Chances of winning Blackjack
Do you think the probability of doubling your bankroll would increase or decrease if you decreased your starting bankroll, say, from $200 to $100? Or what if you started with a bigger bankroll? Do you think that would improve your chances of doubling it?
A reader sent me this question about her chances of doubling her bankroll:
I’m a basic strategy player. Let’s say I sit down at a $10 minimum table with a $200 bankroll. I say I have a greater than 50% chance of doubling my bankroll before going broke. My husband says I have less than a 50% chance. Can you settle this argument and tell me who’s right?
This is an interesting problem and one that mathematicians have actually studied for centuries. A mathematical equation was developed, called the “Gambler’s Ruin, ” which allows you to calculate the probability of doubling a bankroll before going broke for a given house edge, bankroll size, and number of betting units. The equation assumes an even-money payoff, which is not always the case in blackjack (due to doubling down, pair splitting, and 3-2 payoffs for a blackjack). However, for many reasonable numbers of units of bank, it gives a close approximation of the probability of doubling a bankroll vs. going broke.
If we assume that the basic strategy player is facing a –0.5% edge, the math says that a basic strategy player has about a 46% probability of doubling a $200 bankroll, playing $10 units. (So your husband wins the argument, but not by much!)
To be clear, this assumes there are no time constraints when you play, meaning you sit down and play until you either win $200 or lose $200. Under these conditions, your chance of doubling your bankroll is 46%, and your chance of busting out is 54%.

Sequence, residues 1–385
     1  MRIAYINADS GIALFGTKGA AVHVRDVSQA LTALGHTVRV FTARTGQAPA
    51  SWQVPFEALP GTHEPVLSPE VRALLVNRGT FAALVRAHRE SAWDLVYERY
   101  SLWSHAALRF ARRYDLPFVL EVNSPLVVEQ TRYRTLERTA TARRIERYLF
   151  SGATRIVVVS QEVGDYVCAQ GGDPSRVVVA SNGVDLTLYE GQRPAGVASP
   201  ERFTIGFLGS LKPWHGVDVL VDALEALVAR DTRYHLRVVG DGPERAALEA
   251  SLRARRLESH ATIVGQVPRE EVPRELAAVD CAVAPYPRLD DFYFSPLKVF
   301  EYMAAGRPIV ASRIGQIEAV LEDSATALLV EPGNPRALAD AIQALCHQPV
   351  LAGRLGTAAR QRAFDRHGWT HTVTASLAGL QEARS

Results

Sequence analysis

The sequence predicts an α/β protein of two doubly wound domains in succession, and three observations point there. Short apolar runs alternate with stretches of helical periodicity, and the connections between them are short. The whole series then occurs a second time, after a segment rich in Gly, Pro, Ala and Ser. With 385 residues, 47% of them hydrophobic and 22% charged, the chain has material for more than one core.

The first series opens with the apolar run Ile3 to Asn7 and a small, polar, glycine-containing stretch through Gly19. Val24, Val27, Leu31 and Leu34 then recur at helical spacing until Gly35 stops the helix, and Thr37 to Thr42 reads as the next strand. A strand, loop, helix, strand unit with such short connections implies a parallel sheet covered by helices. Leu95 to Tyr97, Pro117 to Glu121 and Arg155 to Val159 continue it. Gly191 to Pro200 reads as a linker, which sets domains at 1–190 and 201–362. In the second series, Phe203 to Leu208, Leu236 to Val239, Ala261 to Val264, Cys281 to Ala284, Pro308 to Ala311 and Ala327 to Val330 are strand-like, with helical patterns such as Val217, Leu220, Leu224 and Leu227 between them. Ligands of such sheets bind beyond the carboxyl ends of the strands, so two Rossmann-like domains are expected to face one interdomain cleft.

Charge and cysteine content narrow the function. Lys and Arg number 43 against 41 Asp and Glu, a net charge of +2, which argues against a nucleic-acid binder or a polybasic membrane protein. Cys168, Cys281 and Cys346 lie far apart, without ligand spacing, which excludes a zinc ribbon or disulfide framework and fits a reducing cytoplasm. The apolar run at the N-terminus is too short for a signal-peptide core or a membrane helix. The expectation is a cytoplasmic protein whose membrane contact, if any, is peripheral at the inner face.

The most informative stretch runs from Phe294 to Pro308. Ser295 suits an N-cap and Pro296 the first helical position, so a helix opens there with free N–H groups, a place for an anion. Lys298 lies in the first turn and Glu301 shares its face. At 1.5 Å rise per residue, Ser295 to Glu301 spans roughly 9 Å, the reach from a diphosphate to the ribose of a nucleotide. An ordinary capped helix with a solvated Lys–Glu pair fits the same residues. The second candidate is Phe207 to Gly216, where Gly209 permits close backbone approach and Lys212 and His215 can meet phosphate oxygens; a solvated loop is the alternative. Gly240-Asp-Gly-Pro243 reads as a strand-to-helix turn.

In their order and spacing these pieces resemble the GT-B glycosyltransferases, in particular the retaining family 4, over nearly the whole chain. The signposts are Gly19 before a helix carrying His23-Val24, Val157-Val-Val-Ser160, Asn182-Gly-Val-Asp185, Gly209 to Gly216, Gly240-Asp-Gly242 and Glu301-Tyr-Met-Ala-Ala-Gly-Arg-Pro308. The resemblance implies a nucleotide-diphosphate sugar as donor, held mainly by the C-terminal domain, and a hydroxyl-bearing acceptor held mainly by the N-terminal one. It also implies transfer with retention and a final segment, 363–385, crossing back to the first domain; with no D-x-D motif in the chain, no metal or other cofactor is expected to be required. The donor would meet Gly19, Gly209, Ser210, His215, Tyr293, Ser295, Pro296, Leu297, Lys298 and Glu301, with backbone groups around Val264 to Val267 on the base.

Now let me pose this question. Do you think the probability of doubling your bankroll would increase or decrease if you decreased your starting bankroll, say, from $200 to $100? Or what if you started with a bigger bankroll? Do you think that would improve your chances of doubling it?
The answers to questions like these can be found using the “risk of ruin” calculators on which were adapted from the formulas in Don Schlesinger’s book Blackjack Attack. The calculator gives these results for different sizes of bankrolls, assuming a negative expectation game:
|BANKROLL (units)||PROBABILITY OF DOUBLING (%)|
The percentages in the table clearly show that the chances of a basic strategy player doubling his bankroll (vs. going broke) decrease if he starts with a larger bankroll. This makes sense, because the larger the bankroll that you try to double when you bet one unit on each hand, the longer you will have to play—and the more your bankroll will be exposed to the house edge (thus increasing your chance of going broke before doubling the bankroll).
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What is a player's chance of winning blackjack using basic strategy
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